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Q: The chance of having a serious or fatal crash on a bike is:
The relative risk of a motorcycle rider being killed or seriously injured per kilometre travelled is 46 times higher than for car drivers.
Q: When may a learner driver carry a pillion passenger?
You MUST NOT carry a pillion passenger or pull a trailer until you have passed your test.
Q: When riding a motorcycle, why should you keep well to the left when approaching a right hand bend?
When you are on the left you can see into a right hand bend that bit better.
Q: Your steering feels wobbly. What is the most likely cause?
Worn bearing in the steering head can make your bike difficult to control. They should be checked for wear and adjustment.
Q: Around 2.0% of road users failed a breathalyser test in 2007, but what percentage of motorcyclists failed?
1.4% of motorcyclists taking a breathalyser test in 2003 failed, compared to 2.0% of road users as a whole. Most riders know that to ride a bike requires higher control levels than to drive a car, and the figures suggest that they are less willing to impair this control by drinking. However, even a small impairment can have a major impact on rider performance.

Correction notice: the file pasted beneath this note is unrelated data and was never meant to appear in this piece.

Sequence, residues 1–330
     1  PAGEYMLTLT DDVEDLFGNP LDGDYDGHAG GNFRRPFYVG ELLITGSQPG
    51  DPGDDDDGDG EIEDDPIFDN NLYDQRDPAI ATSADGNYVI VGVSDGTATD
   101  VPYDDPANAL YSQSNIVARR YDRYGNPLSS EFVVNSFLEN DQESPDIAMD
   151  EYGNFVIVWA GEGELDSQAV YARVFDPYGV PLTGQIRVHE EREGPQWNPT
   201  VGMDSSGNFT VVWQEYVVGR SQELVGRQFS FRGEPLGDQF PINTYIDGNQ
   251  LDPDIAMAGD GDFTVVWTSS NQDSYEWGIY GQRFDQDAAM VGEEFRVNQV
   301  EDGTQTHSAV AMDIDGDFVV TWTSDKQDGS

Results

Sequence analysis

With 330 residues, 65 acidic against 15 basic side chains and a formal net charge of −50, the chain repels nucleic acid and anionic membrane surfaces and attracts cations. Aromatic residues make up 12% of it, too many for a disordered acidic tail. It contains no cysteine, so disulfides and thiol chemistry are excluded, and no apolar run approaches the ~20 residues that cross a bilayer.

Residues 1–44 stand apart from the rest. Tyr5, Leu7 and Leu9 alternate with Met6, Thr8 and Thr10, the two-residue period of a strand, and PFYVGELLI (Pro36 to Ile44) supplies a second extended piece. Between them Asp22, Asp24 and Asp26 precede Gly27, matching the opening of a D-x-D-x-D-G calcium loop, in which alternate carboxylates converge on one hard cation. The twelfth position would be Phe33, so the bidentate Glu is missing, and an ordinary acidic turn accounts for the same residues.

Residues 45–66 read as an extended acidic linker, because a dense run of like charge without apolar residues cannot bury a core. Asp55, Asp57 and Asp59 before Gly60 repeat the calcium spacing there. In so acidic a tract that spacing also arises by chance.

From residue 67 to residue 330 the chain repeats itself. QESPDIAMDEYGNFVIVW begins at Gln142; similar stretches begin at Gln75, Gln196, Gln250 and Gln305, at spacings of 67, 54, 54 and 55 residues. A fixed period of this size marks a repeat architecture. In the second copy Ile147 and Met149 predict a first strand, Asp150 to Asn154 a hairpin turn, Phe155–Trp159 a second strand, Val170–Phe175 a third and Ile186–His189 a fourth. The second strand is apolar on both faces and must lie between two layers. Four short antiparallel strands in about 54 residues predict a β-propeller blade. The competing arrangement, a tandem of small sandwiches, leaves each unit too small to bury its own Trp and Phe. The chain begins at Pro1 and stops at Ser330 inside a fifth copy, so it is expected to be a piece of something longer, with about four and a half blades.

Q: Road surfaces tend to be at their most slippery:
The roads are more slippery after a long dry spell followed by rain.
Q: What is the estimated cost of a fatal crash?
The average cost of a fatal crash is £1,428,180. Minor crashes cost £12,370 and major ones £160,480. However, financial costs are insignificant when compared to the loss that a family suffer when their loved one is not coming back from their ride.
Q: What does the term 'Lifesaver' mean?
The term 'Lifesaver' means a final rear glance - this action makes you aware of what's happening behind and along you.
Q: Fatal crashes involving bikes are the fault of other road users:
It is only the fault of other road users about 25% of the time. Loss of control of the bike is the cause of 64% of crashes. While it is good, and essential to look out for other vehicles (as they might not see you), it is also important to know your limits and ride within them so that you do not become an ‘out of control’ victim.
Q: What is the minimum legal depth of tread for motorcycle tyres?
The minimum tread depth is 1mm, but this is the minimum. Considering how little of the tyres are actually in contact with the road, you would want that small area to give as much grip as possible, especially in poor weather conditions. Therefore, it is advisable to renew tyres before they reach the minimum tread depth.
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